Chapter 7 explains how the understanding of the concept of a nation has changed over time, along with explaining nationalism and regionalism. There are three common perspectives used when viewing the concept of nations: primordial, ethno-symbalist, and modernist perspectives. The primordial perspective holds that nations have existed since the dawn of humanity, being hard-written into human DNA. This perspective fell out of favor, just like the the toothbrush mustache, because it became associated with Hitler. From ethno-symbolist perspective, nations arose from earlier ethnic communities. According to Anthony Smith, in order to become a nation, a community needs six things: a collective proper name, a myth of common ancestry, shared historical memories, one or more differentiating features, a specific home land, and a significant sense of solidarity. The last perspective, modernist, says that nations did not exist at all until the creation of the modern state.
Nationalism is basically trying to make the borders of a state match the borders of a nation, again highlighting the importance of boundaries and territories in political geography. There are two subtypes of nationalism, ethnic and civic. In civic nationalism, the state tries to build up a nation, while ethnic nationalism is a social movement undertaken by an established nation through political means. The authors give examples of both peaceful and violent nationalism in order to prevent the word from acquiring a negative connotation.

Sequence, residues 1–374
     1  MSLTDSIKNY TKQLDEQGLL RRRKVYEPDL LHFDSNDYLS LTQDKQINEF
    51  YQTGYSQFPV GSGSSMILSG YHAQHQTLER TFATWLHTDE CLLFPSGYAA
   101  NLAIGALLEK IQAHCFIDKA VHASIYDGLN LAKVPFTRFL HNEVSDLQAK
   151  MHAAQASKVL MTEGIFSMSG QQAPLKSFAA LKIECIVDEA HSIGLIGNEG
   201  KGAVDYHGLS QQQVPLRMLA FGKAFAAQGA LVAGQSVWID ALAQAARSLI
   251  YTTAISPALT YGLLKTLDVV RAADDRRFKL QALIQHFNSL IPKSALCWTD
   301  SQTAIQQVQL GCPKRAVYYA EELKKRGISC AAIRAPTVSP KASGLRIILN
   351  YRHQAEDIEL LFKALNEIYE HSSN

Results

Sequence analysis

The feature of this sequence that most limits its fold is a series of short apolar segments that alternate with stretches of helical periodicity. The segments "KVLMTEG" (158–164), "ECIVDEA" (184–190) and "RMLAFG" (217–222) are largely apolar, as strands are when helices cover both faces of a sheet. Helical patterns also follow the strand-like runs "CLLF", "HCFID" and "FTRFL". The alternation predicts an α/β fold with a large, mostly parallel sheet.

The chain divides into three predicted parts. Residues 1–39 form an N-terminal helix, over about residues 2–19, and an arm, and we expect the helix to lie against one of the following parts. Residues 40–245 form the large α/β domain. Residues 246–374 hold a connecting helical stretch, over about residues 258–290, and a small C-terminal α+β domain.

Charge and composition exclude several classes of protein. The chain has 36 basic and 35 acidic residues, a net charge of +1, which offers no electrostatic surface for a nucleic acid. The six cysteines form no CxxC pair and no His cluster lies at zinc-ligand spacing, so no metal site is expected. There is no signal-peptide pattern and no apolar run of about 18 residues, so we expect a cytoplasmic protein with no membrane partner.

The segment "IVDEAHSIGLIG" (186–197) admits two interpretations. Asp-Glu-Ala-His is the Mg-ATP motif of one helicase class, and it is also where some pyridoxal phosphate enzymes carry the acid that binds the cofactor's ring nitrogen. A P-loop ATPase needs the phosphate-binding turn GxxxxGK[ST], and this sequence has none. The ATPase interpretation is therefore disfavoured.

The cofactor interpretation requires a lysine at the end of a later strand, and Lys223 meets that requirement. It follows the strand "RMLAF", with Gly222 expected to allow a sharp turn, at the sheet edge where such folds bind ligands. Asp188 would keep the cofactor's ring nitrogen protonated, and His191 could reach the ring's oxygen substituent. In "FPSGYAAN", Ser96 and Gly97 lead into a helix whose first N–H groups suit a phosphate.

Much like the nation, there are three perspectives from which to view the concept of the region. According to the pre-scientific method, regions are merely spatial units used to represent data. The discipline centered perspective views regions are being created inadvertently by the research process. The critical perspective, which is the one most commonly used by political geographers, holds that regions are socially constructed. Jan Mansvelt Beck used a critical perspective in his paper about the differences in the Basque nation caused by the different regions it occupies.
Understanding nations, nationalism, and regionalism all require taking a critical perspective and reflecting on what historical and cultural events lead to the creation of a nation.